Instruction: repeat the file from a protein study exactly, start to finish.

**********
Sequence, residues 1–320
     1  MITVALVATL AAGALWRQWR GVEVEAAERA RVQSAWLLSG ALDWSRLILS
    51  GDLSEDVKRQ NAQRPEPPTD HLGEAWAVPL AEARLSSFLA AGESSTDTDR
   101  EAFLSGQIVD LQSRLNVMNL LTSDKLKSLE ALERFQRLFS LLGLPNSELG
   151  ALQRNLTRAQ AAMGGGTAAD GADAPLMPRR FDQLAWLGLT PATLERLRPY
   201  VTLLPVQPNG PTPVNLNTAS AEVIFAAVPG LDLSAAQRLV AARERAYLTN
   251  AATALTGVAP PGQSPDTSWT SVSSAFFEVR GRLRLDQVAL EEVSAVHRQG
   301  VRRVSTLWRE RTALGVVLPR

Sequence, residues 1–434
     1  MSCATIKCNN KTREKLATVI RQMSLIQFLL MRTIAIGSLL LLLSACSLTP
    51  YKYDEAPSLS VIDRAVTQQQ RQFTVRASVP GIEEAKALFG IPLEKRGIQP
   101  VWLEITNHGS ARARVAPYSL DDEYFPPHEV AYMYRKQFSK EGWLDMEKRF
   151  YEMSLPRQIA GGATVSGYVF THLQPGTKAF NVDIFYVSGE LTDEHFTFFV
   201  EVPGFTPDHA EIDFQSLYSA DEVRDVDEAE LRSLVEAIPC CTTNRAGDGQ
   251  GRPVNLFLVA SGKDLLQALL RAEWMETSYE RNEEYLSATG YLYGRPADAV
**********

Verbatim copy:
Sequence, residues 1–320
     1  MITVALVATL AAGALWRQWR GVEVEAAERA RVQSAWLLSG ALDWSRLILS
    51  GDLSEDVKRQ NAQRPEPPTD HLGEAWAVPL AEARLSSFLA AGESSTDTDR
   101  EAFLSGQIVD LQSRLNVMNL LTSDKLKSLE ALERFQRLFS LLGLPNSELG
   151  ALQRNLTRAQ AAMGGGTAAD GADAPLMPRR FDQLAWLGLT PATLERLRPY
   201  VTLLPVQPNG PTPVNLNTAS AEVIFAAVPG LDLSAAQRLV AARERAYLTN
   251  AATALTGVAP PGQSPDTSWT SVSSAFFEVR GRLRLDQVAL EEVSAVHRQG
   301  VRRVSTLWRE RTALGVVLPR

Sequence, residues 1–434
     1  MSCATIKCNN KTREKLATVI RQMSLIQFLL MRTIAIGSLL LLLSACSLTP
    51  YKYDEAPSLS VIDRAVTQQQ RQFTVRASVP GIEEAKALFG IPLEKRGIQP
   101  VWLEITNHGS ARARVAPYSL DDEYFPPHEV AYMYRKQFSK EGWLDMEKRF
   151  YEMSLPRQIA GGATVSGYVF THLQPGTKAF NVDIFYVSGE LTDEHFTFFV
   201  EVPGFTPDHA EIDFQSLYSA DEVRDVDEAE LRSLVEAIPC CTTNRAGDGQ
   251  GRPVNLFLVA SGKDLLQALL RAEWMETSYE RNEEYLSATG YLYGRPADAV